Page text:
Late Saturday mornings, after she had stood eagle-eyed over her under-aged, under-paid, and under-motivated house slaves (my brothers and sister and I), making sure that we had dusted under Dad's bowling trophies and raked the avocado green shag carpet until it stood proudly upright from its usual downtrodden clumps, my mother would grab up her bottle of Tab and pack of Winstons and head down the street to her best friend, Lucy's house. Mom and Lucy would convene at Lucy's just polished lemony fresh modern American Colonial dining room set, ashtray between them and ice cold Tabs and cigarettes in hand, while Lucy's own, recently released from indenture, house monkey's (my best friend Lisa and her sisters) were sprawled out in front of the TV in the family room watching the hip kids on the east coast gyrate on American Band Stand.
I usually beat Mom out the door on her way to our best friends' house and would already be sprawled belly down alongside the Seigrist girls, with my chin in my hands and my calves in the air, feet jerking spasmodically to the tunes of the Stylistics or the Carpenters, my feet ain't got rhythm on land or air. Once Dick Clark bid, "For now, Dick Clark...so long" we would wander into the kitchen and perch ourselves on the maple veneered captain's chairs and listen intently as our mothers gossiped about the other neighbors, or debated whether Dr. Lee Baldwin, a recovering alcoholic, would finally find love in the arms of Dr. Lesley, or would he remain faithful to his neurotic institutionalized wife, Meg. The denizens of Port Charles, the home town of our mothers' favorite soap, General Hospital, were as well known to us as the Andersons and the Spencers who lived across the street.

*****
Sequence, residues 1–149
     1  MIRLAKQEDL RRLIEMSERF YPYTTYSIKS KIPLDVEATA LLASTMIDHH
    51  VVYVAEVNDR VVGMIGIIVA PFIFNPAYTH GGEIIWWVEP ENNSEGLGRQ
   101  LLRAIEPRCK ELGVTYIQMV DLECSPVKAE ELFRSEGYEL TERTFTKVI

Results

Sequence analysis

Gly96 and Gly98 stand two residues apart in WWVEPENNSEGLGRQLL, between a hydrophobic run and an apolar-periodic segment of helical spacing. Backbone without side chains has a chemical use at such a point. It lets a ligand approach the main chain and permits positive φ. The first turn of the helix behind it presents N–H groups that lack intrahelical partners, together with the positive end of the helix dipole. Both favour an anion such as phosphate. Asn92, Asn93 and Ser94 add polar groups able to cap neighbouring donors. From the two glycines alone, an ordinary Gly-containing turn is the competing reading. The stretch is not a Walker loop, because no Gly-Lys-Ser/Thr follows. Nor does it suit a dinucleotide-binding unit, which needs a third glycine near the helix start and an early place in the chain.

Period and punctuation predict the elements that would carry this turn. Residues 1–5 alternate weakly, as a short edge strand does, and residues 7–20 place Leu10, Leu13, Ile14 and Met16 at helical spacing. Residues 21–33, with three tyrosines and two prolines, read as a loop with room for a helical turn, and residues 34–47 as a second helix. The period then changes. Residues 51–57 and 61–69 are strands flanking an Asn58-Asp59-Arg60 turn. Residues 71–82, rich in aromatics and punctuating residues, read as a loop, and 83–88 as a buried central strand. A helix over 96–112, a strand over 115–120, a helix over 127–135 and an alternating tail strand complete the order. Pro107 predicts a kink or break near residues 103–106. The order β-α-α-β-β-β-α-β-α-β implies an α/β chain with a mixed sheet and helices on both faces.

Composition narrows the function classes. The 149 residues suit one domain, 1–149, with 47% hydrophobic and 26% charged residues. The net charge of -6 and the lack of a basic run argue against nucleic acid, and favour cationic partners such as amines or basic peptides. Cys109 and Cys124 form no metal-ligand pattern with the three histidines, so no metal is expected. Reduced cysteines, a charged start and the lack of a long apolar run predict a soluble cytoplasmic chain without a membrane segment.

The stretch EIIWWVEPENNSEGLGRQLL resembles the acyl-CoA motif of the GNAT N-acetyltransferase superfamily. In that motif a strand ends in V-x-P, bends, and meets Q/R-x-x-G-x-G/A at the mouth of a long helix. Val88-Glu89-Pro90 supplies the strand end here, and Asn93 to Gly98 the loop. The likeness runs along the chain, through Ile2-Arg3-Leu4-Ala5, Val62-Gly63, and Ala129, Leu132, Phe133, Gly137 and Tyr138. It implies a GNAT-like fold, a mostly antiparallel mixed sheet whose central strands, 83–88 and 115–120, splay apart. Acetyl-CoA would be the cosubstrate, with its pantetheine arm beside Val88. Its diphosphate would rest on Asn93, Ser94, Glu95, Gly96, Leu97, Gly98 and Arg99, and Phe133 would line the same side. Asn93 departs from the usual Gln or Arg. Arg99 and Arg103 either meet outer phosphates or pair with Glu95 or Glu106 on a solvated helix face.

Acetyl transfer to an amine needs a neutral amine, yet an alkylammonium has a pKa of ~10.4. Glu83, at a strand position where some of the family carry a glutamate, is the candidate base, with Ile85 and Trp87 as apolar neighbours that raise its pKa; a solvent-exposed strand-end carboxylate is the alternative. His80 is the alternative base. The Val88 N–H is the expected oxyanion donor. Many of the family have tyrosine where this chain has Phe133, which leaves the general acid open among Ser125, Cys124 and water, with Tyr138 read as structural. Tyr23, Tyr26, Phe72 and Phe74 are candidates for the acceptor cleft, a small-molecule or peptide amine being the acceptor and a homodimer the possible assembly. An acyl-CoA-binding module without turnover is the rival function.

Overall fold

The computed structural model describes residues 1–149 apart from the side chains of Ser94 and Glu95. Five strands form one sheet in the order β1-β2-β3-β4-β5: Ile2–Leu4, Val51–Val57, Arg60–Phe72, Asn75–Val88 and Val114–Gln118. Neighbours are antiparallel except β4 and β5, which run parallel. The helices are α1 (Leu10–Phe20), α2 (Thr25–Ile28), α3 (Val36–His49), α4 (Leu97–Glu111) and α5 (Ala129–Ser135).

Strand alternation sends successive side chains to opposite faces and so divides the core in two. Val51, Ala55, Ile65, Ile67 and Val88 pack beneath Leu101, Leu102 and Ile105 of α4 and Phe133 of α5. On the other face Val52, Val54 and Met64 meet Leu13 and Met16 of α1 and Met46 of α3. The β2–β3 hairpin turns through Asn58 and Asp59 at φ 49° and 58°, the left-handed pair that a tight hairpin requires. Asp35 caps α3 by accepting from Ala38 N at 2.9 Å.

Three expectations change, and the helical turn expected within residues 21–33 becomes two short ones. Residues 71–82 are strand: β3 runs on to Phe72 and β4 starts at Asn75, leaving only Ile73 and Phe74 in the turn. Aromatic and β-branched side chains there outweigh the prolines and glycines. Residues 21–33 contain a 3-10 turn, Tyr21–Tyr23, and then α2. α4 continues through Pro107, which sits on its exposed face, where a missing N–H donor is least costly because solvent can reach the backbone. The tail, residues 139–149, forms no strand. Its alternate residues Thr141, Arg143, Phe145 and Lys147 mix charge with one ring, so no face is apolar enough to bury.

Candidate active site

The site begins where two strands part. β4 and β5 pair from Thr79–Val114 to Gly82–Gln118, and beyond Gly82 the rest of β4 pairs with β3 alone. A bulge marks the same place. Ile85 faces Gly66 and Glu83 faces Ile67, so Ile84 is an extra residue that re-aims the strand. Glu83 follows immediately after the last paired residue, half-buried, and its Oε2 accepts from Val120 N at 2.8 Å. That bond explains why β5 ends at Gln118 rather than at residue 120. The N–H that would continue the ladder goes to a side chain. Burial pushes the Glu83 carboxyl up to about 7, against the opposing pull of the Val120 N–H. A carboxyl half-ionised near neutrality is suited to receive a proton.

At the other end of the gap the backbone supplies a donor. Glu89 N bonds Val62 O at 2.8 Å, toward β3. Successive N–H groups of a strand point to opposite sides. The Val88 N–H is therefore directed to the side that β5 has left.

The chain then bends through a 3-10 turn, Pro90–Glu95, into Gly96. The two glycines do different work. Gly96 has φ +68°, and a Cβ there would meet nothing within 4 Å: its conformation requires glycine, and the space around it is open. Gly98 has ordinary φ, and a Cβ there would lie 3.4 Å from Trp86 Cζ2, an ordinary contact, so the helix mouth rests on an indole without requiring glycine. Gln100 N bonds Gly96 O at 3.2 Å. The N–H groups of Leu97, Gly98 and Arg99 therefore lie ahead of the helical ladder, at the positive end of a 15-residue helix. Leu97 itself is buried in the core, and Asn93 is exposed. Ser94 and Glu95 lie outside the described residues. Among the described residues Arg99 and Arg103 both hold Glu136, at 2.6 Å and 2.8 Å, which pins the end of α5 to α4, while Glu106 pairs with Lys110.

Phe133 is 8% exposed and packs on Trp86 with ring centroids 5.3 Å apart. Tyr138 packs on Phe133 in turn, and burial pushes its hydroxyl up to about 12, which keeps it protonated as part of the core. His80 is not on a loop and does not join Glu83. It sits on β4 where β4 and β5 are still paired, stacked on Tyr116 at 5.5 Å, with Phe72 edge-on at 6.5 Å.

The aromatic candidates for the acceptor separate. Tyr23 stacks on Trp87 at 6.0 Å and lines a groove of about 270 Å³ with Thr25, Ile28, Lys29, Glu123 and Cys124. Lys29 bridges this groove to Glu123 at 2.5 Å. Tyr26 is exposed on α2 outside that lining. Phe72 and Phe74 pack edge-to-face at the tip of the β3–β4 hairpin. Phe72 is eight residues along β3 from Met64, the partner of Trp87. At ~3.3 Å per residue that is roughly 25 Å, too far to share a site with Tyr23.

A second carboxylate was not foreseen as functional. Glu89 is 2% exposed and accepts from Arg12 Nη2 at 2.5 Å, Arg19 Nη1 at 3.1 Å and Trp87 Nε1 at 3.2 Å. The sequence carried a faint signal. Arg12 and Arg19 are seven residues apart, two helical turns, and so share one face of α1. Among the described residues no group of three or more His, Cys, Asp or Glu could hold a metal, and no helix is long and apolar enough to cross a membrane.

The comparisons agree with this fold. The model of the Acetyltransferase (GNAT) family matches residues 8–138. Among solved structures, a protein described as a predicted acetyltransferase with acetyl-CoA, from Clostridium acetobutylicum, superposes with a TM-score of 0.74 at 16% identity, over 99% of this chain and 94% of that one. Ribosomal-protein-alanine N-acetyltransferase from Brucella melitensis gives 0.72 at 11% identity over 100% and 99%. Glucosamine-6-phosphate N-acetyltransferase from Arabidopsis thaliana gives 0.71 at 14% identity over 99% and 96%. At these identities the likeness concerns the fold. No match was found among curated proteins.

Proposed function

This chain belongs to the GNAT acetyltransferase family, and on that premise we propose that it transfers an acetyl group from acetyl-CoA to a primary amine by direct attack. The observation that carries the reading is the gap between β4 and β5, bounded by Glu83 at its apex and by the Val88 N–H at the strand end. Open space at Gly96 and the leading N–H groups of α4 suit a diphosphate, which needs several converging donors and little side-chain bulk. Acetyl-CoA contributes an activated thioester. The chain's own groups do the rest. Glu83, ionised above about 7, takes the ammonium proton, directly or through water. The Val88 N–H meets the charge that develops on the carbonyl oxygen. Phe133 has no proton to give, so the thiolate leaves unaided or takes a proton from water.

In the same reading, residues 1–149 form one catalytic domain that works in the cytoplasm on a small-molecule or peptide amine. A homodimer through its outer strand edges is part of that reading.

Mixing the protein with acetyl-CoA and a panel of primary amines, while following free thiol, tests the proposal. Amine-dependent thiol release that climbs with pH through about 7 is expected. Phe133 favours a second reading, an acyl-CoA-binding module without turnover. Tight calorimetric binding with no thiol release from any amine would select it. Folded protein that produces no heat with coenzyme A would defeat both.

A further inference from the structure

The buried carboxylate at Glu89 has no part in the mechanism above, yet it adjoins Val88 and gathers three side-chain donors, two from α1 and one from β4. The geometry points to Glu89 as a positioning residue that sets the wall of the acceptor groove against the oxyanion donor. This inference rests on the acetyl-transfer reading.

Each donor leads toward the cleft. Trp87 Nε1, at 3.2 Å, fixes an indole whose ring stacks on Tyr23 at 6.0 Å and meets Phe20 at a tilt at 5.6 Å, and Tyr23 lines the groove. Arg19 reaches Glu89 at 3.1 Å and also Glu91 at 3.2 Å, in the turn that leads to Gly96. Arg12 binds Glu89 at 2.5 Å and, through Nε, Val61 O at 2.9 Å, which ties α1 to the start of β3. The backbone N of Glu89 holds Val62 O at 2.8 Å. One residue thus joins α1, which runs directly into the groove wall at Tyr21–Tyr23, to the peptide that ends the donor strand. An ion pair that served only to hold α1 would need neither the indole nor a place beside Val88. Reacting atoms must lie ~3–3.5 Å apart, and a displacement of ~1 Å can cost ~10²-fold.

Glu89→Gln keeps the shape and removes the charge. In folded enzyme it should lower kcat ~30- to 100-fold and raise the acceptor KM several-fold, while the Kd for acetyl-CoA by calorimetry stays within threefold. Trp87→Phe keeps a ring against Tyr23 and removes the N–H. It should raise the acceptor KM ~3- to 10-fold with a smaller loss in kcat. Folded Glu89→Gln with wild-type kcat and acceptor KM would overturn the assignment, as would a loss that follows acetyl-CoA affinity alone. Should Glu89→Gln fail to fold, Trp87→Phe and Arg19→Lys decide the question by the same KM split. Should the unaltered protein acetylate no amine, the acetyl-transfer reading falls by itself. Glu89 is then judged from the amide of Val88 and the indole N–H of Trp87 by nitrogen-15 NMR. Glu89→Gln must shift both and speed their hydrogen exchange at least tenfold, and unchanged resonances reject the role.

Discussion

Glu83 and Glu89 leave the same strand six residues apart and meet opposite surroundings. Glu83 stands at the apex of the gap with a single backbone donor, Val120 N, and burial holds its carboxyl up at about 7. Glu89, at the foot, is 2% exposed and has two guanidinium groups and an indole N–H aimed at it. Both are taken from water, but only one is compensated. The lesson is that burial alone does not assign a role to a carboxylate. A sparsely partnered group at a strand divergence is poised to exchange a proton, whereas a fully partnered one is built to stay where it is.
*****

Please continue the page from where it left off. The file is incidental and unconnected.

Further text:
Our mothers would shoo us away occasionally but we were always drawn back by their hushed voices and smothered laughter.
Yesterday morning, was a bright late summer Saturday morning here in the bread basket of the world and I was in the mood to spend it with a friend so I wondered over to SoberMomRocks blog, Oh for the love of...me to do some re-reads and make some comments. Before long, she commented back to me through email and then I commented back to her and ....before long we had a conversation going. We both thought, Wouldn't it be wonderful if we could get together with our other fellow bloggers and have coffee and just talk. (Didn't we, Sherry? I've been known to drag people unwittingly into my wild-ass schemes before. ) But since we can't do that, wouldn't it be nice to be able to chat real time instead of having these kind of one-sided conversations we get to have with our blogs. I know we kind of do that with our comments but sometimes we miss the replies or we don't pay as much attention to what the other commenters say. Okay, maybe it's just me that does that.
So what'd ya'll think? Wanna find an empty chatroom for just us gal bloggers (we might even let in a token guy or two, I'm pretty sure the gal in the gauchos above has hairy legs to go along with that mustache) and our followers somewhere or design our own to meet up and just talk sometimes?
Just a thought and not that consequential, if we like things the way they are, we like things the way they are.
BTW SoberMomRocks Sherry is not my friend Sherry of last week's blogs...or is she? Maybe my friend Sherry has an alter-ego, split personality, sober twin who disappeared years ago when her car broke down and a double-decker VW band full of Deadheads picked her up on their way to a concert and someone slipped her some bad mushrooms and she has suffered amnesia ever since... Sorry, must be the effects of being the child of a cigarette smoking, Tab drinking, soap opera watching mother of the 70's ( Sherry, I hope we don't find out that Elmo is really your brother from that brief period when your father turned to the arms of another woman when he thought your mother was lost at sea but then she was rescued from that deserted island in the South Pacific by the captain and crew of small tourist boat out for a three hour tour carrying a professor, a girl from Kansas, a millionare and his wife, and a movie star that had a daily fresh change of clothes, including evening wear, for three years.)